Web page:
wildly overpriced. (He also pondered spinning off HPs well-known PC
business.) Apothekers moves left HPs employees, partners, customers, and
investors concerned about the companys strategy and future. And so, eleven
months after he replaced ousted chief Mark Hurd, Apotheker was shown the
door and Whitman, then a board member, was named chief executiveHPs
third in three years. (No wonder HP investors had heartburn.)

And so, Whitman took the corner office at a tumultuous time not only in the
companys history but in the technology industry at large. The lucrative
enterprise divisions of techs biggest players including IBM, Dell, and EMC,
were under tremendous pressure to move their products and services to a
cloud-based model. The rise of Amazon(AMZN, -0.47%) Web Services had
changed the way companies used and paid for technology. Why buy a fancy
HP server for your companys data center, technologists now asked, when you
could just crunch your numbers on a rented server in an Amazon facility, for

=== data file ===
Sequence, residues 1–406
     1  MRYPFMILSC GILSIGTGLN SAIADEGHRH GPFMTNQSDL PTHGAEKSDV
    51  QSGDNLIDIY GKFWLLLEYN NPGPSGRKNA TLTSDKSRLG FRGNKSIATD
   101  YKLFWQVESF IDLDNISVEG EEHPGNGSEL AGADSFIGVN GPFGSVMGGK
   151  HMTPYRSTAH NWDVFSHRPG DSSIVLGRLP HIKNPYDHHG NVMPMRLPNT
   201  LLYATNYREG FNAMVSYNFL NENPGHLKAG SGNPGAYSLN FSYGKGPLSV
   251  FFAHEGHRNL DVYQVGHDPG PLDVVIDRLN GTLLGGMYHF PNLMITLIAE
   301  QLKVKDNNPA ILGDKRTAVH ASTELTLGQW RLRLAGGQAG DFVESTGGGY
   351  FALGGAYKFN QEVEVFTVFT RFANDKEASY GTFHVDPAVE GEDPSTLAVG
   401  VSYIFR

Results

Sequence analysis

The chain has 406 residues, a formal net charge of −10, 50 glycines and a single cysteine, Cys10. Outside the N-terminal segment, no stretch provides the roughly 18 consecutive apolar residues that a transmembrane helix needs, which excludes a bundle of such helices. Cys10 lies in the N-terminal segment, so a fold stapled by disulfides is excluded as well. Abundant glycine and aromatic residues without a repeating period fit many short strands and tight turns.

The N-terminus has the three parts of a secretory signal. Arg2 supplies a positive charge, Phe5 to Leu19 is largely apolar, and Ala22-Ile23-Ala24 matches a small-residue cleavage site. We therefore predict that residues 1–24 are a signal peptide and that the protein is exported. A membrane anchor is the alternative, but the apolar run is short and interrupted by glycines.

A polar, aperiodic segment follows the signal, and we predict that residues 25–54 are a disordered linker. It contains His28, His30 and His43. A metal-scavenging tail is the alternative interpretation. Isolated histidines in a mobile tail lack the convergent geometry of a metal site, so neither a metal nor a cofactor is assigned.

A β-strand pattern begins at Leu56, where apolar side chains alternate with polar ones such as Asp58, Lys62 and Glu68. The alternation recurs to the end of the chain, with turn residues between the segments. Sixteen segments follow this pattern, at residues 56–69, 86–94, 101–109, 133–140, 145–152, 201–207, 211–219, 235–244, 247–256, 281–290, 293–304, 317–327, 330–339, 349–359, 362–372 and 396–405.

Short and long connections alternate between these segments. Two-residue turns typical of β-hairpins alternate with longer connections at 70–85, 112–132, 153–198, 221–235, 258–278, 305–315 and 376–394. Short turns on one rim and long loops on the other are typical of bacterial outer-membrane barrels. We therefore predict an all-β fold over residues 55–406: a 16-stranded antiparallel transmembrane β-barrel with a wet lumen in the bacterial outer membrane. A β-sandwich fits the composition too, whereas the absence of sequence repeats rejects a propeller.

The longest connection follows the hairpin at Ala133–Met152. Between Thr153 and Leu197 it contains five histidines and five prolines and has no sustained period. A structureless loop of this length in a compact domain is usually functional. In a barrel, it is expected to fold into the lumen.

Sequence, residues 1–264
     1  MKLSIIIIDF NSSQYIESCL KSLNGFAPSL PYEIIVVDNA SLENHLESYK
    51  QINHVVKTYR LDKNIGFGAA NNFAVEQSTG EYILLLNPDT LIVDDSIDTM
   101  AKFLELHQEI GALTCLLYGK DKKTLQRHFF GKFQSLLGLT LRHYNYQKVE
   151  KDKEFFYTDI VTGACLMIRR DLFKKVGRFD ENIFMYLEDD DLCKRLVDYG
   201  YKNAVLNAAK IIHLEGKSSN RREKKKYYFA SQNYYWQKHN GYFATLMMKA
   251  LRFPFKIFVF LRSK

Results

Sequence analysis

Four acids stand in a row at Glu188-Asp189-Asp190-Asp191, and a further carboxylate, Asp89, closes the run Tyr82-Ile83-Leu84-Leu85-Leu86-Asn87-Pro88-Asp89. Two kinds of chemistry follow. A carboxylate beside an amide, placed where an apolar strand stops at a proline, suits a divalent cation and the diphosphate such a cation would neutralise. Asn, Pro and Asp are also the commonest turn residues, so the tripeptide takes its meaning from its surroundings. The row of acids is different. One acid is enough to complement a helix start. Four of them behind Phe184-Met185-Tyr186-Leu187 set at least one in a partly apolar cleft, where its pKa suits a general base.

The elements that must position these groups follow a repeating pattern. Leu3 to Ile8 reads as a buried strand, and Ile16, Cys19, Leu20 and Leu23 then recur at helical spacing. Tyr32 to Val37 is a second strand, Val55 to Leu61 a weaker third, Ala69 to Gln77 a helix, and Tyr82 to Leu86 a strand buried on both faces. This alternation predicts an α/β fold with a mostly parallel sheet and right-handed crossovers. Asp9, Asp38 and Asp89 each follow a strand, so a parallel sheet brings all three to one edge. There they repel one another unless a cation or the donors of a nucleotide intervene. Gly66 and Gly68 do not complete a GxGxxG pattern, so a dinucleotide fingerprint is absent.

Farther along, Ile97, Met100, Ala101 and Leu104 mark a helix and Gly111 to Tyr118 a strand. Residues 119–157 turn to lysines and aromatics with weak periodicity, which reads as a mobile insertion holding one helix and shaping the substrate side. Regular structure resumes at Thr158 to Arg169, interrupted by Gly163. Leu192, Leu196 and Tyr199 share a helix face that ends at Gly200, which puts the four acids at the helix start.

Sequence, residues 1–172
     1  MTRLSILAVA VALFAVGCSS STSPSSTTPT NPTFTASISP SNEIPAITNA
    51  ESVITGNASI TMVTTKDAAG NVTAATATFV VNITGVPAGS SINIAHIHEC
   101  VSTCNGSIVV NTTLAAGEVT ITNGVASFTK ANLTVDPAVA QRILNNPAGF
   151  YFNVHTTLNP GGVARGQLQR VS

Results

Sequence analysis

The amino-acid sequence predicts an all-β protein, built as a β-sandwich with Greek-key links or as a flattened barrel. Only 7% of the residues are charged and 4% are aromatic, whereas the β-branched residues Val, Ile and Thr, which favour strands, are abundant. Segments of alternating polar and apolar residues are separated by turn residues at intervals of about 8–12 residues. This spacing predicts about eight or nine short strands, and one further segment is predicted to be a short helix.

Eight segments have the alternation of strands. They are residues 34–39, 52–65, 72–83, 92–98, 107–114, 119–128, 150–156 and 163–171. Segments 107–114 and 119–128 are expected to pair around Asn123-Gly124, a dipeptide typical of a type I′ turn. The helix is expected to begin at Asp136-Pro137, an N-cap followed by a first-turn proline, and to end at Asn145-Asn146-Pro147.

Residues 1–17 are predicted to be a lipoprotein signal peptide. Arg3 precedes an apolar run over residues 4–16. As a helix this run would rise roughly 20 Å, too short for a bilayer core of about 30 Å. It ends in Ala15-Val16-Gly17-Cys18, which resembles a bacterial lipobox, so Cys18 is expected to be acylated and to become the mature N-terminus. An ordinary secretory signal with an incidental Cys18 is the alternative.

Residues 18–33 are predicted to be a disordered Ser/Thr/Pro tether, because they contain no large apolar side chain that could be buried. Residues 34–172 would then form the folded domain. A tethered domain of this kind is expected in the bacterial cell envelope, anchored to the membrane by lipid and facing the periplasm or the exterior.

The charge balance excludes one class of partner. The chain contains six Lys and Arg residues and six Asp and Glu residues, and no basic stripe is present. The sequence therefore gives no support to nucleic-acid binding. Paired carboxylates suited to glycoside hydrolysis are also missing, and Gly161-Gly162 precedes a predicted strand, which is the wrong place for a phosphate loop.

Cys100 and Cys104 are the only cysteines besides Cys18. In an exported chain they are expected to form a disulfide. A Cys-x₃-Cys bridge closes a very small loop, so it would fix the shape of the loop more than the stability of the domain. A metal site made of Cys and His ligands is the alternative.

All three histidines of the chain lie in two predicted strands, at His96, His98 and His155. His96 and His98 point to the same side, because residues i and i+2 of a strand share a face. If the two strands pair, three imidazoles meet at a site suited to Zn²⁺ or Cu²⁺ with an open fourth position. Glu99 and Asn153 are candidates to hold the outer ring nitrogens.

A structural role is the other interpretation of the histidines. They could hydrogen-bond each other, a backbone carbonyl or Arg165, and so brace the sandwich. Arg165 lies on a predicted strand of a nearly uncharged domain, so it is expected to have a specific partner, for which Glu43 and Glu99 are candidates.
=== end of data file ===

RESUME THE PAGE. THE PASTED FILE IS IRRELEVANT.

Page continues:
The resulting modeldubbed the public cloudrepresented an existential

threat to any company selling hardware to large businesses. And HP, already
distracted by its own internal issues, had to confront it. The public cloud
taught the industry about simplicity and ease of use and a new consumption
model, Whitman said. It was both a technology and business model

So Whitman mulled her five-year turnaround plan and got to work.

The Proposal

Whitman arrived in Palo Alto with a steady hand. (Some reporters privately
referred to her as the analyst whisperer because she seemed to soothe jittery